Phrenology, the 19th-century pseudo-scientific analysis of skull contours, revealed Jemmy Button as having "a disposition to combat and destroy". The reading proved prescient for the Fuegians, who within a century found their numbers diminished from thousands to tens. That this could be directly attributed to Jemmy, taken as a boy in 1830 from Tierre del Fuego on the southern tip of South America to London and then returned to his people to spread the Christian word, provides a fascinating and juicy tale of zealous evangelism and the misguided compulsion to "civilise". Bruce Chatwin told the story in In Patagonia, but Nick Hazlewood's is the first full-length treatment of an unremarkable figure caught up in a remarkable episode.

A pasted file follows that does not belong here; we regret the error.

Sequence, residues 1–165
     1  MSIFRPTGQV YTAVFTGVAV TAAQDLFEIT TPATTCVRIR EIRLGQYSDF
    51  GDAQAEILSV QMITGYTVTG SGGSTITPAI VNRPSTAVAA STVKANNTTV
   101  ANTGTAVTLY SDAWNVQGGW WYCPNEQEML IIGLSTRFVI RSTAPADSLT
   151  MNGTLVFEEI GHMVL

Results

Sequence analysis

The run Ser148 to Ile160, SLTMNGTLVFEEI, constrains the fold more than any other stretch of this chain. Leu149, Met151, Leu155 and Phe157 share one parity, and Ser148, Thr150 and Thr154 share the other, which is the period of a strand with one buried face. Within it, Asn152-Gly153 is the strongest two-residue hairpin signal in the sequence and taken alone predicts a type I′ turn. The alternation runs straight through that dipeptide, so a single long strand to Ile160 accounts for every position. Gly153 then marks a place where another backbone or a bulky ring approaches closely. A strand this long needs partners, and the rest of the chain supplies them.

The most famous passenger of the Beagle, which transported Jemmy and three others to England, was a fresh-faced young naturalist, Charles Darwin. In his account of the voyage, which decisively informed his 1859 thesis The Origin of Species, he called the Fuegians "the most abject and miserable creatures I anywhere beheld" (the phrenology of Darwin's nose apparently suggested "a lack of energy and determination"). Though that may say more about the unworldly Darwin than the Fuegians, there can be no doubt that they were markedly un-European, naked, unwashed and heathen. The massacre of eight men in 1860 by a mob reportedly led by Jemmy shocked the Patagonian Missionary Society, who were behind efforts to convert the South Atlantic, and whose eventual well-meaning perseverance introduced, along with the Bible, disease and ruin into the community. Hazlewood's writing has a mellifluous rhythm, lithely assimilating disparate sources while being unafraid to leave uncomfortable edges when appropriate, and proving particularly adept when Jemmy Button is centre stage, dressed in his dandy pomp and finery like the Pearly King of Walthamstow. Walking a tightrope himself between a rollicking yarn and censorious anthropology, Hazlewood keeps his balance to offer an insightful yet depressingly familiar account of the noble savage undone by the savage noble. --David Vincent [via]